Exercise 1.4: What is a photographer?

Notes on De Zayas:

  • Nature inspires us in the idea. Art, through the imagination, represents that idea in order to produce emotion
  • Once art had ceased to represent religious ideals, it instead focused on form. Form started out as “fantastic” but has evolved to a “conventional naturalism” – I think the point here is that art had ceased to be original and was instead following earlier work and established conventions.
  • Picasso is given as an example of an artist looking for a new “form”, but he is described as “de-solving” rather than “resolving”.
  • As humans have developed art has become less about imagination, about the decorative forms, and more about the factual representation of form.
  • Imagination is not merely the attention which contemplates things, nor the memory which recalls them to the mind, nor the comparison which considers their relationship, nor the judgement which pronounces upon them an affirmation or a negation. Imagination needs the concourse of all these faculties … gathering them and combining them, creating in that way new images or new ideas.”
  • Photography strips away the imagination and allows the “beauty of real truth” to appear. Art shows us the “emotional truth”, photography the “material truth”. Photography in this sense is not art.
  •  However, there is a distinction between photography, which seeks “objectivity of Form”, and “artistic-photography” which seeks to use that form to express ideas and convey emotions. The latter is a personal representation rather than a subjective investigation.
  • Steichen is given as an example of the high point of a realistic representation of form. In contrast Stieglitz is given as an example of expression rather than representation of an object.


I have written many times over about the veracity of the claim that photography represents fact – in my view it does not: despite its indexical nature it is as much a representation of a particular point of view as any painting, because the photographer chooses what to include within the frame. However, De Zayas seems to be making a slightly more nuanced point, in his distinction between material truth and emotional truth. In his view only emotional truth is within the scope of art – taking landscape as an example one might say that much photography is really topography i.e. science rather than art. Art seeks to do more than record, it seeks to enlighten. However, I have a question mark over the concept of “emotional truth” – for example I have just been considering how the pictorialists used particular conventions to illustrate a world of social harmony, this was clearly art in that they were not seeking to represent material truth, quite the opposite they were portraying a fantasy. Yet surely it would be wrong to consider this fantasy as an “emotional truth”? Was Constable not an artist, but more of a politician?

The examples De Zayas chooses to illustrate his distinction between photographer and artist photographer are interesting. For the former he cites Steichen; when I think of Steichen’s work I usually think first of his image of the Flatiron, which is anything but objective, and far more in keeping with the pictorialists. De Zayas doesn’t indicate which work he was referring to; the most objective images I can find are those taken after this essay was written, but nevertheless they illustrate the point – see for example “Spiral Shell” (1921) or his Sunflowers series (1920 – 1961) (1).  These are detailed studies of form, much like Edward Weston’s work from around the same time. I feel uncomfortable denying these the status of art – certainly they are aesthetically very beautiful, though they may have no emotional point to make beyond the beauty of nature itself.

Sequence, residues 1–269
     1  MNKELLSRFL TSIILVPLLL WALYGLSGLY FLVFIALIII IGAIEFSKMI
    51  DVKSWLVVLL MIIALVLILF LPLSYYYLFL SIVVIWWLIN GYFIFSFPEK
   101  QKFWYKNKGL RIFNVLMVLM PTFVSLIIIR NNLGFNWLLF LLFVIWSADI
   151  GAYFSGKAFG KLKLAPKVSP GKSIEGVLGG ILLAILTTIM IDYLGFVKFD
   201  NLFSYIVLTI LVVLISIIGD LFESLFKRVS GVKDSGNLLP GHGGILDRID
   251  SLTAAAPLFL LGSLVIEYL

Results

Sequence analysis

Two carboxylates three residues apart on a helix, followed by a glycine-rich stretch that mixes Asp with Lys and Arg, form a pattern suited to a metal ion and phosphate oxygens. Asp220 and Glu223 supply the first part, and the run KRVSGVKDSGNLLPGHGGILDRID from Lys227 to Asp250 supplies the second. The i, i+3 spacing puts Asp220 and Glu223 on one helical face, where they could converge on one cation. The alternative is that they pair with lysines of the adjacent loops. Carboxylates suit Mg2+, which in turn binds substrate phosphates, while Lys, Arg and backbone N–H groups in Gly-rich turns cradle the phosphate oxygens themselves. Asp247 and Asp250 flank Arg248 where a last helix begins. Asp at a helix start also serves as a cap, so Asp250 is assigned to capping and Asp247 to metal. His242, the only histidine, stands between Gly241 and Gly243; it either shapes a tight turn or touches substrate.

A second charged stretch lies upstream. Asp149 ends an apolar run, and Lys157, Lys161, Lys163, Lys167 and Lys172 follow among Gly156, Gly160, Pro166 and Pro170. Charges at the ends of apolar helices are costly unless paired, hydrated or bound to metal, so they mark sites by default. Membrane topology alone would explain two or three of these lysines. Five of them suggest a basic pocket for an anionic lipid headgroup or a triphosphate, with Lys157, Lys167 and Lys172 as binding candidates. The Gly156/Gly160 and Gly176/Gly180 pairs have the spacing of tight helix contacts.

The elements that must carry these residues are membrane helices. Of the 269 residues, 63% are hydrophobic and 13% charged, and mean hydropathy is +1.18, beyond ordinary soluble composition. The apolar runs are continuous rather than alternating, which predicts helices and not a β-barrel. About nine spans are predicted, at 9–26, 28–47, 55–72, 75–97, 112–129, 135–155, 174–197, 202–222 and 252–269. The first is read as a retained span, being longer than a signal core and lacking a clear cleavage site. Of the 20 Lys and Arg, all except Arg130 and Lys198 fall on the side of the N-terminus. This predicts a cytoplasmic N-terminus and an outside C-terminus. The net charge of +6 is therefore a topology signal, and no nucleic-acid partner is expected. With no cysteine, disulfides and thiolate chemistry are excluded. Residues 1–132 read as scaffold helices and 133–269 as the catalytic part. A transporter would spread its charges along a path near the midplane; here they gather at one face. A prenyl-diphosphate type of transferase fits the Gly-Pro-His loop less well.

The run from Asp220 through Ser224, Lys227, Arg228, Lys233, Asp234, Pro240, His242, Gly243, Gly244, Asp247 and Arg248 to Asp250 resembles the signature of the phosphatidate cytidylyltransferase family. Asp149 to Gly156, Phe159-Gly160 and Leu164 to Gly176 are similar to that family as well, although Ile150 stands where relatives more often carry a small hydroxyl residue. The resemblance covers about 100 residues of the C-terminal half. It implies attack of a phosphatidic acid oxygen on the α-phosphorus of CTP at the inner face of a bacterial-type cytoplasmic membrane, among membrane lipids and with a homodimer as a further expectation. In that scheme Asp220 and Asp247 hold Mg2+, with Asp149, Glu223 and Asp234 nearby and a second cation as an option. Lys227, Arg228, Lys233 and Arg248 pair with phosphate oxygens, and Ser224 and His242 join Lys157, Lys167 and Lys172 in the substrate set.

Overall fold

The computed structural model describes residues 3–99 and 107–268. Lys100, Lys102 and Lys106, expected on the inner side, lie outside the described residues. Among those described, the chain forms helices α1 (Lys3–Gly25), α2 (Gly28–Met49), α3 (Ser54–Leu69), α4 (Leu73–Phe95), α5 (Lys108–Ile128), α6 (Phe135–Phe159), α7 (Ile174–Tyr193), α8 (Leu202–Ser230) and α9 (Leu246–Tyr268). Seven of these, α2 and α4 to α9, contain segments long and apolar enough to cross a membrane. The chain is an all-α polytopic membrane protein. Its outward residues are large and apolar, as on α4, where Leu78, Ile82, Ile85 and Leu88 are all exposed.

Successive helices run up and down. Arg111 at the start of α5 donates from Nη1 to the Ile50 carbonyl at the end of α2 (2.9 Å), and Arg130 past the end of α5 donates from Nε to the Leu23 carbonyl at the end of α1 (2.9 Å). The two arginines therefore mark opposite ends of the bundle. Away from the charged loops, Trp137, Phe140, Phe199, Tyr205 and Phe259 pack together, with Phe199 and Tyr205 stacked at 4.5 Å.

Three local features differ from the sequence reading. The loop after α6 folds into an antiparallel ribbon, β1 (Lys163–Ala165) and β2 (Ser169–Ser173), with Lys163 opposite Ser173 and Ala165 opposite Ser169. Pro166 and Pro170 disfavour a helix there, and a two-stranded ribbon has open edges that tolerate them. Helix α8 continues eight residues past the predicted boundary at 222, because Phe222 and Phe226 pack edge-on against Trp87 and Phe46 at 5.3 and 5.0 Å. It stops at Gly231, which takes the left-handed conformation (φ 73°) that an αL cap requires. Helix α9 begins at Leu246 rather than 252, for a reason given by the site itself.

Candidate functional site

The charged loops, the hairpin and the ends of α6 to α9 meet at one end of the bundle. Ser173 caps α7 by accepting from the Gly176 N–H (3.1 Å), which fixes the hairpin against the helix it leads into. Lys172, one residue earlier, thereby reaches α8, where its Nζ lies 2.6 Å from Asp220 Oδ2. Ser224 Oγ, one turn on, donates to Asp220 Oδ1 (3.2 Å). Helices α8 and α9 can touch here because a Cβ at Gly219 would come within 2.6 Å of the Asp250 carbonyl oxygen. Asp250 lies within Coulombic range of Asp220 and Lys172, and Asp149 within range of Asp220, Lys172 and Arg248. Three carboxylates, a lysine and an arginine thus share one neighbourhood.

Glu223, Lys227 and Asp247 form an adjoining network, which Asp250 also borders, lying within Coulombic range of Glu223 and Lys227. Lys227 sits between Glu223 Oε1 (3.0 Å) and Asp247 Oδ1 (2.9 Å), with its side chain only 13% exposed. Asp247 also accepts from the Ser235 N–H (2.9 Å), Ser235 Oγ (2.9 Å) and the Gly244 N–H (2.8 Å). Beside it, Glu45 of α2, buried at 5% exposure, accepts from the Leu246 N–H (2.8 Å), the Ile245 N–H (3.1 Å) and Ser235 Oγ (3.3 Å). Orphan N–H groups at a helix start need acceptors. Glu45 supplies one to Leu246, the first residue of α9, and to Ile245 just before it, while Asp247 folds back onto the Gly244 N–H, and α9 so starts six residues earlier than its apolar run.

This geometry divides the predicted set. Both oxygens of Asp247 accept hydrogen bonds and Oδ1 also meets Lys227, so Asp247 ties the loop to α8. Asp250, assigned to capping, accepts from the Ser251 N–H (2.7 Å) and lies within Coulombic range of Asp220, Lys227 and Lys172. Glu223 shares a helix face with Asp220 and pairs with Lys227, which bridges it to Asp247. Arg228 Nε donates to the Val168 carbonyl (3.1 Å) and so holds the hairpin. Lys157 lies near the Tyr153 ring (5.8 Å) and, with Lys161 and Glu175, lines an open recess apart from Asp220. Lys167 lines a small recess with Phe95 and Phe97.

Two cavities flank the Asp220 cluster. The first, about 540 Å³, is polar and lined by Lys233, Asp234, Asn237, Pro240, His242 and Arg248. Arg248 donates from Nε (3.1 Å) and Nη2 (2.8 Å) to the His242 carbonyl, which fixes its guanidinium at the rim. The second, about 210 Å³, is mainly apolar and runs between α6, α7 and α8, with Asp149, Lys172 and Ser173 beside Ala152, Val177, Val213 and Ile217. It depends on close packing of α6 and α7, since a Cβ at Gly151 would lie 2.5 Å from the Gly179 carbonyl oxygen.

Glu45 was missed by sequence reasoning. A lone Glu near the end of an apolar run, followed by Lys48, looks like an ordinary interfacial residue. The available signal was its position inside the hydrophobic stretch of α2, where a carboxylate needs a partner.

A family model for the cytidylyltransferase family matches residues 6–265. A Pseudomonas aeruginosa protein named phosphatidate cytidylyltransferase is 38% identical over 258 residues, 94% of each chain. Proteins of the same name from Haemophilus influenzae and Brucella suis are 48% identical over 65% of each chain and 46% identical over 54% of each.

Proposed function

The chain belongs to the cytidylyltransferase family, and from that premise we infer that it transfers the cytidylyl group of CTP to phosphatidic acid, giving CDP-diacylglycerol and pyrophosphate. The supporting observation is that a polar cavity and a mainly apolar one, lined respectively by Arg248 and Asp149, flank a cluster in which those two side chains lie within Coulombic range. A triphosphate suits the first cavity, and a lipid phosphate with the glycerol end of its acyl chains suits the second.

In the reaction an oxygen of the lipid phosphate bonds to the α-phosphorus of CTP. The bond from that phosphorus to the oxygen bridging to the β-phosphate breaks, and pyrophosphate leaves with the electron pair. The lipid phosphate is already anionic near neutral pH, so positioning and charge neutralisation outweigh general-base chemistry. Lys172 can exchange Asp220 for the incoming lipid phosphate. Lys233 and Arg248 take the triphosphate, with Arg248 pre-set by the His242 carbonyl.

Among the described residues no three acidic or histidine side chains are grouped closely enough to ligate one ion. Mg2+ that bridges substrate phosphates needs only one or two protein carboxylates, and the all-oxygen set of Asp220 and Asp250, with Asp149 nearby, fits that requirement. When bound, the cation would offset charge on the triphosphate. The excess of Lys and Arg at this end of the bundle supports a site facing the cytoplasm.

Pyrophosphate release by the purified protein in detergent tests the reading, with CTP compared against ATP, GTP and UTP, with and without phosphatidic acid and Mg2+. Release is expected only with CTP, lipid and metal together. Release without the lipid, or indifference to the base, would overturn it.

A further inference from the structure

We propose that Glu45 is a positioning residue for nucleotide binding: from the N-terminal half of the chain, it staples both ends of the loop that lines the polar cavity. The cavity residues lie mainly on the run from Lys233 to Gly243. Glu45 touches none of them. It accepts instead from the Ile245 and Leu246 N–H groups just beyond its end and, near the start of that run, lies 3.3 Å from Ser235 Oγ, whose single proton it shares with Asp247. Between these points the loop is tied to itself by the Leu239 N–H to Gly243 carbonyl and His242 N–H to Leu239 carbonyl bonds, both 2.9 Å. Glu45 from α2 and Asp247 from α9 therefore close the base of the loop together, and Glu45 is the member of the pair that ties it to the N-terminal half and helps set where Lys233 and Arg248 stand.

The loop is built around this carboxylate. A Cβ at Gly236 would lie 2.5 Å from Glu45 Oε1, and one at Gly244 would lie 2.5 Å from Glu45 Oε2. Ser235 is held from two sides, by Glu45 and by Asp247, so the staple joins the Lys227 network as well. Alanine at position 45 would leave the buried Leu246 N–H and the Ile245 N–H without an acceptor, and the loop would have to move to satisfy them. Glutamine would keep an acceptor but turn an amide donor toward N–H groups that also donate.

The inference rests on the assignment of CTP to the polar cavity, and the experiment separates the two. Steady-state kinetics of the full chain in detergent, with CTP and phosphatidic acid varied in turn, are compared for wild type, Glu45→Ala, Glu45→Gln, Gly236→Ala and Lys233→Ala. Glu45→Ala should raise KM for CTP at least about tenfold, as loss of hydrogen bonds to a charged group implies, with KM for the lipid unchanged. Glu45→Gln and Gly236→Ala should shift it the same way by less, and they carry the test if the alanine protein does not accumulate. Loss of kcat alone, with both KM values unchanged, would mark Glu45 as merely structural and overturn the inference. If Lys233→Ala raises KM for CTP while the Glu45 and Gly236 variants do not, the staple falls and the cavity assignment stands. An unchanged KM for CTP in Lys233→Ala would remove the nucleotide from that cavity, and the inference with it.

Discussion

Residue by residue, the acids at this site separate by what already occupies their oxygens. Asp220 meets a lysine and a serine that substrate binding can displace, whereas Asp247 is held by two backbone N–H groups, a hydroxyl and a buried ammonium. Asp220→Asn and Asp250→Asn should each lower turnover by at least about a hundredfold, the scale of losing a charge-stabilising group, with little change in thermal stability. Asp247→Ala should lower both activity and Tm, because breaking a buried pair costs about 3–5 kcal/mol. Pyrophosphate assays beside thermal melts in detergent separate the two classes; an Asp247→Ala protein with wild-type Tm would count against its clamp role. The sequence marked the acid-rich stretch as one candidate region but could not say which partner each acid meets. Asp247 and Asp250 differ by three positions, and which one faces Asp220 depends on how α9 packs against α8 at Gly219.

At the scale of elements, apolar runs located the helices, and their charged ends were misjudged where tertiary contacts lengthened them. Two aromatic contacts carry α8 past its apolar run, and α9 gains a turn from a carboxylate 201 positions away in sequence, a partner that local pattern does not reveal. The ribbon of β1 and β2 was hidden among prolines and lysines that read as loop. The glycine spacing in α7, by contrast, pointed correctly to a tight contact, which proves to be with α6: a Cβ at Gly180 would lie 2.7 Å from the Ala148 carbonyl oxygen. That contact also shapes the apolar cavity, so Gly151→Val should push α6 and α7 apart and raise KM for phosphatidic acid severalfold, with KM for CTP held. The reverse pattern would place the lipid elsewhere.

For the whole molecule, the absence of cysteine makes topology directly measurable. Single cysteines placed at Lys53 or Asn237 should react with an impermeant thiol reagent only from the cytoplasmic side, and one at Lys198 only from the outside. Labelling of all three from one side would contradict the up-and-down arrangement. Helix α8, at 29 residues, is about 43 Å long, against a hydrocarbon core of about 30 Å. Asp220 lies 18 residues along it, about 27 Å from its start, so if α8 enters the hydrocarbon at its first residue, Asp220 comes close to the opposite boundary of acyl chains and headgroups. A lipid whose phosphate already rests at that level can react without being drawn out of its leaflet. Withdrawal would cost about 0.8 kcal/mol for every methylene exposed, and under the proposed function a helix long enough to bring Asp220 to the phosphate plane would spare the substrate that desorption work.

The contrast is with Stieglitz, who oddly enough was Steichen’s friend and mentor (and perhaps notably also the editor of Camera Work in which De Zayas’s article first appeared!) Stieglitz’s own version of the Flatiron is far more objective than Steichen’s, which leads me to struggle a little with the categorization given by De Zayas. However much of Stieglitz’s other work is both pictorialist in style and political in nature (his classic “The Steerage” being a good example). My impression is that photographers in this period were experimenting, learning from one another, and that any attempt to categorise them would be too simplistic.

We are asked whether this discussion remains relevant today. I have to say that I think it is of philosophical interest only. I started my studies with the OCA fixating on the definition of “art”, but as I have worked through the courses I have come to realise that it doesn’t matter what labels one applies, what matters is how you feel about your own work and what others can take from the work. When De Zayas was writing, photographers had to bring their work within the ambit of “art” in order to get it exhibited, and ultimately in order to make any money.  That is no longer the case – in an era where an unmade bed or five minutes of silence can be exhibited and favourably received there is no need for arbitrary labels.




Reference: De Zayas, M, “Photography and photography and artistic photography” in Camera Work no. 41 (1913)

Image credit: Stieglitz: “A wet day on the boulevard – Paris” (1894)

(1) https://www.nga.gov/feature/artnation/steichen/thepainting_2c.shtm (accessed 19th April 2017)


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